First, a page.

Gift giving is conducted privately so as not to appear as a bribe (except at a banquet to a public official). In Arab communities, giftgiving is handled so as not to appear underhanded. Opening a gift in the presence of the giver is not considered polite and the recipient should not be urged to do so.

     What constitutes an appropriate gift for your Asian clients at the closure of a home or a major purchase? For the Japanese and upper class Asian clients, signature gift items are always appreciated, although they should not be too personal. Desk sets, leather goods, handmade wood accessories, fine European crystal (Lalique) or American china and silver (Lennox, Waterford, etc.), beautiful coffee table books make good corporate gifts for men.

     For women, I have found that elegant, American-made costume jewelry such as Trifari and Monet, scarves and small leather items are liked very much by wives of executives. You don't have to spend a bundle, but rather be original or creative. Sometimes finding something beautifully handcrafted, original, or unusual, (mainstream but not bizarre or weird) such as hand painted silk, can be appropriate.

     A generous basket with sparkling wines or cider, fine chocolates, beautiful fruit (kiwis, apples, oranges, etc.), and imported coffees make a gift that everyone in a family can enjoy. A big, wide red bow should be tied on the handle. As cheeses are not universally liked, you may wish to leave them out of the basket. Just for the record, many Asian are lactose-intolerant.

     Another gift well received is a house plant with its container hidden in a wicker or brass pot (with its big red bow). Ficus trees, schefflera, Chinese evergreens, and other hardy, low-maintenance house plants can be good candidates. If someone you know is opening a business, a dwarf kumquat, orange, or tangerine tree is in order, for the green leaves represent growth, the gold-colored fruit, prosperity.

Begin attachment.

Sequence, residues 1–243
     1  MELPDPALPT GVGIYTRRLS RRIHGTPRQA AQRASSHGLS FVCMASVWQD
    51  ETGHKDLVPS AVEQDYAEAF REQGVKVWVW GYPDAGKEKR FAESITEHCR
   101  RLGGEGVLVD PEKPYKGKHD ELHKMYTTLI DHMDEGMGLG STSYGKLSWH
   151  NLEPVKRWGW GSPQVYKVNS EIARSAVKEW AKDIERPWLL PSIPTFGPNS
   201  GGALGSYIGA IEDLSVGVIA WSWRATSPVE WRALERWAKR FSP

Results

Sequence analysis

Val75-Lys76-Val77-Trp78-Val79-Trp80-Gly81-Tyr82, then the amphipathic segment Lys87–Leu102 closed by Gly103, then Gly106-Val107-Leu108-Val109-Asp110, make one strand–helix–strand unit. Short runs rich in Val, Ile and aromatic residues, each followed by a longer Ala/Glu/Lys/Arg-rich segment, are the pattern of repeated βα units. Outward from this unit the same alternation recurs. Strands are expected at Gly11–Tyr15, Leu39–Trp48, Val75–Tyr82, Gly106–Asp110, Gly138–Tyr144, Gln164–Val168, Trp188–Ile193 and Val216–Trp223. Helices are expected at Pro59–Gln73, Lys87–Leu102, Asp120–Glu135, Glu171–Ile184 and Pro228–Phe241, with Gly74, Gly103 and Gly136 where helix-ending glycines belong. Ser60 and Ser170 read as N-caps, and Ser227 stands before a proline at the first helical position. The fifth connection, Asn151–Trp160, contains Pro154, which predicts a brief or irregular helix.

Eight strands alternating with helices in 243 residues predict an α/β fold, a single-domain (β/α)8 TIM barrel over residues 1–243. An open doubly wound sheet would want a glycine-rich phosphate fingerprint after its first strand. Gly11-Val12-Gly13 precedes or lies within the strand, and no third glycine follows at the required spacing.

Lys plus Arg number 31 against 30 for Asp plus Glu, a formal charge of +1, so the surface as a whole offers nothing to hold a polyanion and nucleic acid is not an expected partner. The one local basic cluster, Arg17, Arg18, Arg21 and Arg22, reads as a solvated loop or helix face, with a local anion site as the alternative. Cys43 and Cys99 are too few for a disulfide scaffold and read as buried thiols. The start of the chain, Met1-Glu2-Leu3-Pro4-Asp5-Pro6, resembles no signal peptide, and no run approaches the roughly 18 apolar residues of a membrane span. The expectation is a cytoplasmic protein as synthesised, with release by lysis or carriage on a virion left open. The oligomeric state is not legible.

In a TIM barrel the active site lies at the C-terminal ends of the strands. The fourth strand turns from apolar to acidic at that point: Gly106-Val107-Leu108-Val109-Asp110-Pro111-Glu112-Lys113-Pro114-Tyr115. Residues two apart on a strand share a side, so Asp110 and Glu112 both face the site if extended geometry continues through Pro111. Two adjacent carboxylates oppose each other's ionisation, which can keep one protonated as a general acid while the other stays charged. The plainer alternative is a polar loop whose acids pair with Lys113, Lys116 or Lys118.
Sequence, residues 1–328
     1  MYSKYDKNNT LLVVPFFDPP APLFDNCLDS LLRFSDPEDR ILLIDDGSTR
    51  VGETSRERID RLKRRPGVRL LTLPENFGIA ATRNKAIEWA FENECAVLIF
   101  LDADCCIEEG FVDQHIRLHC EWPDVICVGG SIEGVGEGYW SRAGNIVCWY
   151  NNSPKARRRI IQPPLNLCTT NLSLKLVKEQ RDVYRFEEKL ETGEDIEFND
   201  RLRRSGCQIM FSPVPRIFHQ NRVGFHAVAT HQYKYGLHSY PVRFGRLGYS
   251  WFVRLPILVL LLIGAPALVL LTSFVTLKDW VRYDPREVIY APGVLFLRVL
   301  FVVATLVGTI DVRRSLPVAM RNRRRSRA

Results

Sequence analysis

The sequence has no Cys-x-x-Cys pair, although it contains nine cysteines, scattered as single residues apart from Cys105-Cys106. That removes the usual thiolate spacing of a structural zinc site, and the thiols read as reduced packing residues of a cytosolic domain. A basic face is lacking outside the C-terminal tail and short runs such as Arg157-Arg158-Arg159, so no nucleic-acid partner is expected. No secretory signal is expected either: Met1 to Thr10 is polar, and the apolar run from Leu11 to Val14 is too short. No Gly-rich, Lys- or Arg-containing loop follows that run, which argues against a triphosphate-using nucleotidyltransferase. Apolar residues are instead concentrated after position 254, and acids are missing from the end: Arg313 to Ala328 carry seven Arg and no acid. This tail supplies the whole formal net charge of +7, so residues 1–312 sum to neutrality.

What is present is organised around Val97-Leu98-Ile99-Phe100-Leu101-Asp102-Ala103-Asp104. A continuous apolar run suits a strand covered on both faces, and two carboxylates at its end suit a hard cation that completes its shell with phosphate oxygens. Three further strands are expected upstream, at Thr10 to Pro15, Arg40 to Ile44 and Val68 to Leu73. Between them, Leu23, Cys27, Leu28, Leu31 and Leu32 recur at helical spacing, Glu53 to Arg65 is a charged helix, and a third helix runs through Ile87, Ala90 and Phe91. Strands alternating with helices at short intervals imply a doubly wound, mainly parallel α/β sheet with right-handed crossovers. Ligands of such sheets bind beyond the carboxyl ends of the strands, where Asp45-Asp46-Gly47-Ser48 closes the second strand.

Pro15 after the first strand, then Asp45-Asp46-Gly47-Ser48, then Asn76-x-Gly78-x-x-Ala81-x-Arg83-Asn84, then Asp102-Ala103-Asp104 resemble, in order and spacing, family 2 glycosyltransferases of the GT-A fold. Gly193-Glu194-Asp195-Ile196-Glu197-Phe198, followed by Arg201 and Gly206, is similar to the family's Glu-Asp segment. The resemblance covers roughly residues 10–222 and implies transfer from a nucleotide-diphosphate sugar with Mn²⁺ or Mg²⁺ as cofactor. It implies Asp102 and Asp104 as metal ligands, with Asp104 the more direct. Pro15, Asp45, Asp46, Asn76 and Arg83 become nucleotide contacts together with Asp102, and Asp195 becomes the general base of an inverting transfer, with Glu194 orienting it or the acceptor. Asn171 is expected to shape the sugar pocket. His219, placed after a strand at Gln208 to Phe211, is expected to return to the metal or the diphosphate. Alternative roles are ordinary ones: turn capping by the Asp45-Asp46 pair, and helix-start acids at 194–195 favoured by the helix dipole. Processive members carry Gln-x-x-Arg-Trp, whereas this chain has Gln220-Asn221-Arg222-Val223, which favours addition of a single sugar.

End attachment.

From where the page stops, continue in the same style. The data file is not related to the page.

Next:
Some Japanese do not like receiving a potted plant if they are hospital patients, for the roots signify a long stay. For them, cut flowers which will quickly wilt and die means that they will recover and home just as quickly. The opposite is true for many Chinese who view cut flowers as funeral (especially those yellow or white chrysanthemums) and would prefer potted plants instead.

     The top alcoholic gifts are the best brandies and cognacs such as XO, Hennessey, Courvasier, Martell, and scotches such as Chivas Regal, Crown Royal, Johnny Walker Black. These can be served to guests at family, business, and social occasions. Remember: don't be stingy when choosing a gift. After all, if your client or customer has just made a million-dollar purchase, the least you can do to is to splurge on a respectable, generous token of appreciation for his business. These are the details that will be noted, remembered, and recounted to the others in his network.

     Whether you are presenting a status or thoughtful gift, be certain that it is not manufactured or produced in any Asian country. On the other hand, if you are taking executive wives shopping, you may be amazed to find them interested in the apparel made in their countries that appear in our retail stores. The highest quality knits and other clothing are made for export and the natives never see their counterparts in their own countries.

     There are other influences that may impact the conduct of business. Elders, parents, and other siblings, may be consulted. Many Chinese wont' make a move without consulting the almanac called the tung shu that is sold around the lunar new year. Others swear by the ancient Book of Changes, the I Ching, astrologers, and fortune tellers. In India, astrologers are consulted for major decisions regarding business and marriage.

Other articles by Angi:
The Significance of Numbers
The Significance of Colors
Crash Course on Asian Corporate Etiquettes

This article is from Target: The U.S. Asian Market
Copyright Angi Ma Wong, 1993